2018 Isuzu MU-X LS-U review

If you’re after a practical, go-anywhere 7-seat SUV, the 2018 Isuzu MU-X is definitely a product that should be on your shortlist. We’ve just spent a week with the mid-level LS-U variant, and we can’t figure out why more of them aren’t on our roads.

Isuzu Australia announced a mild update for the current-gen D-Max and MU-X in April. It brings in some suspension upgrades, new colour options, and a revised interior. There’s also an even more refined interior for the top LS-T variant.

Both rear-wheel drive and part-time four-wheel drive options are available, and either a six-speed manual or automatic. The automatic (as tested here) retails from $52,500, which makes it one of the more affordable heavy-duty 4×4 7-seat SUVs on the market. It goes up against the likes of the Mitsubishi Pajero Sport, Toyota Fortuner and Holden Trailblazer.

2018 Isuzu MU-X LS-U – THE SPECS

Engine: 3.0-litre turbo-diesel four-cylinder
Output: 130kW@3600rpm / 430Nm@2000-2200rpm
Transmission: Six-speed auto
Drive type: Part-time four-wheel drive
Wheels: F & R: 18×7.0, 255/60
ANCAP: Five stars (scored 33.58 out of 37)
Tare weight: 2095kg
Power-to-weight: 16.11:1 (kg:kW)
Official fuel economy: 7.9L/100km
Economy during test: 9.0L/100km
Fuel capacity/Type: 65L/Diesel

Power efficiency: 16.45kW:L/100km
0-60km/h: 4.35 seconds*
0-100km/h: 10.55 seconds*
60-110km/h: 8.38 seconds*
1/8 mile: 11.18 seconds at 102.6km/h*
1/4 mile: 17.61 seconds at 127.0km/h*
Max acceleration: 0.645g
100-0km/h braking: 3.49 seconds at 42.10 metres*
Max deceleration: -1.018g
Decibel at idle: 51*
Peak decibel at 60-100km/h: 79*
Priced from: $52,500

* Based on 2017 model. Figures as tested by PerformanceDrive on the day. Factory claims may be different

2018 Isuzu MU-X LS-U – THE PACKAGE

Isuzu interiors don’t exactly set new benchmarks for luxury or design. But other vehicles in this class aren’t much better. In this LS-U spec you get multi-tone cloth seats with height adjustment for the driver, and a smattering of silver highlights for the dash and door trims. Every handle and button is placed exactly where you would expect, making the cabin feel homely and familiar as soon as you get in.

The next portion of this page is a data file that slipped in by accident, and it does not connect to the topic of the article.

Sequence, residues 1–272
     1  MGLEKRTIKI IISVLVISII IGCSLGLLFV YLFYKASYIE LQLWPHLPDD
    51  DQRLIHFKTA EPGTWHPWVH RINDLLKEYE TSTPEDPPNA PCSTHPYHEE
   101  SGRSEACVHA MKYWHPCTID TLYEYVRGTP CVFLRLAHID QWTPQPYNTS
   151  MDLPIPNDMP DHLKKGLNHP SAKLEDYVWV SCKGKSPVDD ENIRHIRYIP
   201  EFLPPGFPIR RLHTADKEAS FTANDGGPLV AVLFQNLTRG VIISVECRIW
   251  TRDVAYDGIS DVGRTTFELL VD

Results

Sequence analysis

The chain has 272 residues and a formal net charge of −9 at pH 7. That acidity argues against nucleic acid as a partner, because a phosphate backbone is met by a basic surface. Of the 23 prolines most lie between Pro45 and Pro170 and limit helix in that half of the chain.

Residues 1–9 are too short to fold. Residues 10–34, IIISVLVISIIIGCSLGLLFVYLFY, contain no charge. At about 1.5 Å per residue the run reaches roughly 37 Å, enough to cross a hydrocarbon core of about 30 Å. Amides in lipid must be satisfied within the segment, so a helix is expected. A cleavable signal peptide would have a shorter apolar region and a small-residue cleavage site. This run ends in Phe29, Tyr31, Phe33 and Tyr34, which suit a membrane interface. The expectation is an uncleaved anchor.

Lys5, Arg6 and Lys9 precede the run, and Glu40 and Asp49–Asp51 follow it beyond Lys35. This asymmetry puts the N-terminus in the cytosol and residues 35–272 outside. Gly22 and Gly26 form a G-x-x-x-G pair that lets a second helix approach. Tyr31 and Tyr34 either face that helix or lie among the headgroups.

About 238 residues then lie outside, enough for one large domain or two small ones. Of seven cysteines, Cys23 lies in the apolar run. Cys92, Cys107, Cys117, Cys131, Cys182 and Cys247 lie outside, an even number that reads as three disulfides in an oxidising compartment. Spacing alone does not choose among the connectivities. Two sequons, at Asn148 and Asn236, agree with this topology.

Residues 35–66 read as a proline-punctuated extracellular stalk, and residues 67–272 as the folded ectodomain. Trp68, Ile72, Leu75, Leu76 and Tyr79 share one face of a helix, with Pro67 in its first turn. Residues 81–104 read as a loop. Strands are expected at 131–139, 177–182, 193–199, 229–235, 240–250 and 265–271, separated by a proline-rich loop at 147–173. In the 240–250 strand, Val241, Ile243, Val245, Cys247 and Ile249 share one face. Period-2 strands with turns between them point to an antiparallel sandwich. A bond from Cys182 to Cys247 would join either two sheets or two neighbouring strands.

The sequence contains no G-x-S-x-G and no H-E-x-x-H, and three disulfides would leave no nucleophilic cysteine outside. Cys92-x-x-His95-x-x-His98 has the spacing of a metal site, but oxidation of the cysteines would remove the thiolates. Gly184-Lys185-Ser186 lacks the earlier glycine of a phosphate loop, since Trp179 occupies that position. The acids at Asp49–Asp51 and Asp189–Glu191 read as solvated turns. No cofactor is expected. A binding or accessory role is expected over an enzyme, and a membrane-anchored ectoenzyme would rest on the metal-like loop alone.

We like the cloth seats in the LS-U compared with the leather-accented setup in the upper variants. The material feels durable and hard-wearing, and even the cushioning has a sense of sturdiness to it. That’s not to say that it’s crude and uncomfortable. In the front, the seats provide good lateral support thanks to nice side bolsters, while the second row is contoured alike and is fully adjustable for recline and slide.

Right up the back in the third row the two seats are surprisingly accommodating. The headroom isn’t too bad at all compared with the class standards, and the legroom can be opened up thanks to the adjustable second row. There’s also some cup holders for both sides and the seats are separate so they can be adjusted independently or one can flipped down by itself. In fact, the gap between the two seats is large enough to provide good shoulder space. Some large quarter windows in the very back will no doubt reduce any feelings of claustrophobia.

As for the creature comforts, Isuzu introduced a new touch-screen media interface for the dash last year. It’s not the most elegant interface and the graphics are behind some rivals. But it is very easy to operate, with a lineup of major menu buttons across the bottom helping to guide you to various functions. It comes packed with sat-nav and a rear-view camera as standard in the LS-U.

Isuzu has installed uprated USB ports in the cabin (including one for the back seat), going from 1.0A to 2.1A, which helps to recharge devices in shorter time. Some new soft-touch materials have also been applied to key areas around the dash and door trims to help boost refinement. And it has worked. It feels cosy and warm inside, and less hollow than the predecessor and some of the rivals. All three rows feature their own climate vents in the ceiling, too.

Boot space is rated at a minimum of 235L with all three seat rows up, or up to 1830L with the two rear rows folded down. A handy under-floor storage box is also presented, and there’s a 12V socket in the back to power up accessories. The towing capacity remains unchanged, at 3000kg (braked), with a gross combination mass of 5750kg (including the 2095kg tare weight of the vehicle).

2018 Isuzu MU-X LS-U – THE DRIVE

The 3.0-litre turbo-diesel four-cylinder engine remains as one of the largest-capacity four-cylinder diesels in the class. Only the Ford Everest can trump it, with its 3.2-litre unit. Although, it is a five-cylinder. This really helps when towing as you can rely on engine braking more than you can in the rivals. Being larger also means the engine doesn’t have to work very hard.